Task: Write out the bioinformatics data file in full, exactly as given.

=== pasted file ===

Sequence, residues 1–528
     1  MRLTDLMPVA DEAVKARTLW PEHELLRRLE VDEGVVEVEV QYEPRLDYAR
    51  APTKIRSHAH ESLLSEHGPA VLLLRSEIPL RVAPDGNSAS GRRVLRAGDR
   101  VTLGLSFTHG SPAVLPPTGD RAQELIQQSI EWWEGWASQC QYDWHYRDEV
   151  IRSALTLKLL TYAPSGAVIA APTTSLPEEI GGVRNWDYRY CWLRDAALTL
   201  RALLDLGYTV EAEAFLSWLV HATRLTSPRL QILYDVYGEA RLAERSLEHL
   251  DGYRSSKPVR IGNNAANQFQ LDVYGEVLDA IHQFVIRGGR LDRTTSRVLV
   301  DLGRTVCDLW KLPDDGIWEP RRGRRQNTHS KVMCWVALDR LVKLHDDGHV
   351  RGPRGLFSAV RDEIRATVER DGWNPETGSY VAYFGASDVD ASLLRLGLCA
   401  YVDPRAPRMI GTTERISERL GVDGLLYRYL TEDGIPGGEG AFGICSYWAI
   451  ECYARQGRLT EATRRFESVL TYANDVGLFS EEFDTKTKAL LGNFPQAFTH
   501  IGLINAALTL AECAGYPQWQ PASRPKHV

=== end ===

Sequence, residues 1–528
     1  MRLTDLMPVA DEAVKARTLW PEHELLRRLE VDEGVVEVEV QYEPRLDYAR
    51  APTKIRSHAH ESLLSEHGPA VLLLRSEIPL RVAPDGNSAS GRRVLRAGDR
   101  VTLGLSFTHG SPAVLPPTGD RAQELIQQSI EWWEGWASQC QYDWHYRDEV
   151  IRSALTLKLL TYAPSGAVIA APTTSLPEEI GGVRNWDYRY CWLRDAALTL
   201  RALLDLGYTV EAEAFLSWLV HATRLTSPRL QILYDVYGEA RLAERSLEHL
   251  DGYRSSKPVR IGNNAANQFQ LDVYGEVLDA IHQFVIRGGR LDRTTSRVLV
   301  DLGRTVCDLW KLPDDGIWEP RRGRRQNTHS KVMCWVALDR LVKLHDDGHV
   351  RGPRGLFSAV RDEIRATVER DGWNPETGSY VAYFGASDVD ASLLRLGLCA
   401  YVDPRAPRMI GTTERISERL GVDGLLYRYL TEDGIPGGEG AFGICSYWAI
   451  ECYARQGRLT EATRRFESVL TYANDVGLFS EEFDTKTKAL LGNFPQAFTH
   501  IGLINAALTL AECAGYPQWQ PASRPKHV